* India spends about 1.4 % of its GDP on public health, among the lowest in the world. The world level norms are 5-8 %. The target India has set for 2025 is to spend a mere 2.5% of GDP.
* Punjab's health spend on salaries is far more than on healthcare
* The recent reports on health and healthcare in Punjab, released by Tata Memorial Centre (TMC), Mumbai and PGI, Chandigarh have pointed to people dying due to late diagnosis of diseases like cancer.
* PGIMER and Public Health Foundation of India have said 77% of expenditure on health was being borne by households and individuals, with government’s contribution a mere 20%.
* People are dying not because treatment is not available, but because they cannot afford it.
* People are being pushed into poverty because of high health related expenditure. A total of 63 million people are pushed into poverty every year because of excessive out-of-pocket expenditure.
* If people in Chandigarh can visit government hospitals, why do people in Punjab avoid them?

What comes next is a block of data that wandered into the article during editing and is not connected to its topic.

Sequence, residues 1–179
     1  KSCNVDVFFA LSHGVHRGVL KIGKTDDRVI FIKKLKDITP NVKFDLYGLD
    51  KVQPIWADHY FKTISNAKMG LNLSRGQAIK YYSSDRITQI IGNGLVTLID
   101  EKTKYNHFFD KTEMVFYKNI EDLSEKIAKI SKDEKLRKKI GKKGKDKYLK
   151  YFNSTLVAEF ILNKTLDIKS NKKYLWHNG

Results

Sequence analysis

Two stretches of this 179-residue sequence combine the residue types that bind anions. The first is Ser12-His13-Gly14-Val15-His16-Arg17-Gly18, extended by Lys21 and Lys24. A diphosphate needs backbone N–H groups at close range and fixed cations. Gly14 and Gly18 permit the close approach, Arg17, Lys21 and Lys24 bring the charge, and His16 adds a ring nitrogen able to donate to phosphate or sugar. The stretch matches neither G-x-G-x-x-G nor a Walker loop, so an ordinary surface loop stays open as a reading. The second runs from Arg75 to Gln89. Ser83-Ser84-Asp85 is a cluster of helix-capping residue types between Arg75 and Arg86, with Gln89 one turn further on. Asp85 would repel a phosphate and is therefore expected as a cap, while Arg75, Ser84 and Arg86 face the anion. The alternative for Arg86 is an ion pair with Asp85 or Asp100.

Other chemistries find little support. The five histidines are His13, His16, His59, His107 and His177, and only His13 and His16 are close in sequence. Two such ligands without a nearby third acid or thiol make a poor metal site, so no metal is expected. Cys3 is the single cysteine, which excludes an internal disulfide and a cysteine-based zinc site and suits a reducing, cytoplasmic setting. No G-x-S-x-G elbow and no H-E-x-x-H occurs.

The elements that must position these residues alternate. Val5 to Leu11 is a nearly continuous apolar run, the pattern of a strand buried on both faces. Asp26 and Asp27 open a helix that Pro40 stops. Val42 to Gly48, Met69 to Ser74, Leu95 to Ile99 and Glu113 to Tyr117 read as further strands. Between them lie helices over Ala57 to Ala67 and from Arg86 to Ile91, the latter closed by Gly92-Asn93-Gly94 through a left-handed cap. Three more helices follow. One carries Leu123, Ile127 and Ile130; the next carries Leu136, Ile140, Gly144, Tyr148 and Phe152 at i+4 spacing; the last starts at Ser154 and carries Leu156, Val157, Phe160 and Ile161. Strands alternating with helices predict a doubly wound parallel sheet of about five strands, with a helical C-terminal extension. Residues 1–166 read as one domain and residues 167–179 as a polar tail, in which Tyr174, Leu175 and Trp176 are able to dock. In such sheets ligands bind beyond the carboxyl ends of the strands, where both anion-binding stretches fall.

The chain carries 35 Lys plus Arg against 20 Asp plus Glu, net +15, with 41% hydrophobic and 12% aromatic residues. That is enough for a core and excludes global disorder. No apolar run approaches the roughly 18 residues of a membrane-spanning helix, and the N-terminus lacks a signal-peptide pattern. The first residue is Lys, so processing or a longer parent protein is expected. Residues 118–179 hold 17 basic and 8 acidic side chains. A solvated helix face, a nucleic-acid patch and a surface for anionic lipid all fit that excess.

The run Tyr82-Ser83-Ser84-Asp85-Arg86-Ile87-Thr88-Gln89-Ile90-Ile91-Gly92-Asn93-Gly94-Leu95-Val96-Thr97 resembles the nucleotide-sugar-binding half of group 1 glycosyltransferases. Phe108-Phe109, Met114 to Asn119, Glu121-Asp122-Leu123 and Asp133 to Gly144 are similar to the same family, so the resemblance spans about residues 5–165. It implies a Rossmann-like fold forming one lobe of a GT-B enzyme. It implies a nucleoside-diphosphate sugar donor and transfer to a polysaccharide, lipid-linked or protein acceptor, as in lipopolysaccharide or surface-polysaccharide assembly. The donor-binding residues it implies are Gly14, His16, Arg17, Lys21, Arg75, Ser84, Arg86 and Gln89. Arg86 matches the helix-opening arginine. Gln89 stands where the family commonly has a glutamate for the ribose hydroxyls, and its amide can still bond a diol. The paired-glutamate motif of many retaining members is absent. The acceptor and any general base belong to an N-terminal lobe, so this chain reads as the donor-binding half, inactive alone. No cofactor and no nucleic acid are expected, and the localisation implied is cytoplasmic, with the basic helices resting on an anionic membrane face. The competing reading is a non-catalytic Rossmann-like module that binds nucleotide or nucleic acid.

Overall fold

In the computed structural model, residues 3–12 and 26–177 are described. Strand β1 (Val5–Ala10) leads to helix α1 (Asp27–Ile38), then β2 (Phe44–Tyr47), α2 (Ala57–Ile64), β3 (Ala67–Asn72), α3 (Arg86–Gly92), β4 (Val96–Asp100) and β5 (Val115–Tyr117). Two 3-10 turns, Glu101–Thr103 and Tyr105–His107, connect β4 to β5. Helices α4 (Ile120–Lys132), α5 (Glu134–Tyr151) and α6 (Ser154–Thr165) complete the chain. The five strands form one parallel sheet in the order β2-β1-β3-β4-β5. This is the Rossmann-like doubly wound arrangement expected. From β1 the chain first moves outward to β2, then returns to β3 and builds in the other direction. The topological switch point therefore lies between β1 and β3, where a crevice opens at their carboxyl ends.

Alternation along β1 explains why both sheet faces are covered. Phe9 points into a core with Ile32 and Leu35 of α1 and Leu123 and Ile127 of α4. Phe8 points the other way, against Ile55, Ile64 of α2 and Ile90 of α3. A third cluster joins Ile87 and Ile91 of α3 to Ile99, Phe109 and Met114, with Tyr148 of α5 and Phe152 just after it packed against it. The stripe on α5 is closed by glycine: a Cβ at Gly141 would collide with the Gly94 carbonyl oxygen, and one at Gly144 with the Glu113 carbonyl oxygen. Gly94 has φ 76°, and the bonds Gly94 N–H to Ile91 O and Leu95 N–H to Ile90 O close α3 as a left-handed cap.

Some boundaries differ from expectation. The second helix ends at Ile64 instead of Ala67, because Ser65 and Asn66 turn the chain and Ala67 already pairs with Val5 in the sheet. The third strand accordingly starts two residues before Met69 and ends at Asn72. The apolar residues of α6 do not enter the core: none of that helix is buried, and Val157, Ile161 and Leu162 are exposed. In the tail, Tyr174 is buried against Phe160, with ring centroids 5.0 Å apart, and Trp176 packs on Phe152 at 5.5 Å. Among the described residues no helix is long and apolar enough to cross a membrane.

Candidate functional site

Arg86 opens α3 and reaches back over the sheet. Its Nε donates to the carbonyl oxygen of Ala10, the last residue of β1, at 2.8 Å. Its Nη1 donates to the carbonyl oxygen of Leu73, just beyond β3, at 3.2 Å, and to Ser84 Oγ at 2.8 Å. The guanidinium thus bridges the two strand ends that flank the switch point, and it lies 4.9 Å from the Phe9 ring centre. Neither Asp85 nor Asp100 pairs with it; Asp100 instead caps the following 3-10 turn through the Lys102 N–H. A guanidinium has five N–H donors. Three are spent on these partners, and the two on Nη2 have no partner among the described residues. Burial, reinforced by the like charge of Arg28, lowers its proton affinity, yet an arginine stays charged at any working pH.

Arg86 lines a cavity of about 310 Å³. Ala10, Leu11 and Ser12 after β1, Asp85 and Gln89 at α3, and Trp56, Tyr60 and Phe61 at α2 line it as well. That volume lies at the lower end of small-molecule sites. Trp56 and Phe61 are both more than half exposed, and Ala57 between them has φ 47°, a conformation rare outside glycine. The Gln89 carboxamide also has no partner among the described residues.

Even a little active interest evinced by a minister triggers action. Punjab's Health Minister Brahm Mohindra recently ordered a probe into Rs 6.28-crore purchase of Iron Folic Acid (IFA) tablets. The minister was candid enough to admit that the stock was clearly purchased for the sake of commission.
Brahm Mohindra's recent admonition to officials of 11 government departments for their "non-serious” approach in fighting dengue, chikungunya and other water and vector-borne diseases should have made is sit up and take note. This is when deaths are prevented, an epidemic is stopped.
It is time for us to seriously engage with National Health Policy 2017, the third such policy since India became Independent. It does little to regulate drug pricing, hospitalisation charges and frivolous charges. It acknowledges corruption in the health sector but explains little what is being done to regulate it. It advocates involving the private sector to meet public health goals, and devolves the government of its duty to provide health to all. The policy's intent is to promote private health industry for closing critical gaps in health care.
There are serious questions of regulation of clinical establishments or medical councils.
The dead kids in Gorakhpur cannot talk. We can. The Gorakhpur dead would want us to. Silence will be collaborative.